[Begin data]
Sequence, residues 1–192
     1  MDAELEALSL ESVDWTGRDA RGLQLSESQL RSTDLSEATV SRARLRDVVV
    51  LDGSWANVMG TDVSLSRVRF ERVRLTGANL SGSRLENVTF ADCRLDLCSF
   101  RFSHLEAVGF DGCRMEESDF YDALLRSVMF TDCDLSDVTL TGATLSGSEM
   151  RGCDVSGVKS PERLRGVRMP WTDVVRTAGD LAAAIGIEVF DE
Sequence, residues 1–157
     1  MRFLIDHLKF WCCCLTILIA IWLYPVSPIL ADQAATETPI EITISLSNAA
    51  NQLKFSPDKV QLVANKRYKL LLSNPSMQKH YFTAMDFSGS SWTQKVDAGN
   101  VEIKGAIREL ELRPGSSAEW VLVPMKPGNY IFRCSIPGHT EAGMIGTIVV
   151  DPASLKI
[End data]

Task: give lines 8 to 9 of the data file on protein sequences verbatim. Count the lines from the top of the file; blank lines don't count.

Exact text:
    51  NQLKFSPDKV QLVANKRYKL LLSNPSMQKH YFTAMDFSGS SWTQKVDAGN
   101  VEIKGAIREL ELRPGSSAEW VLVPMKPGNY IFRCSIPGHT EAGMIGTIVV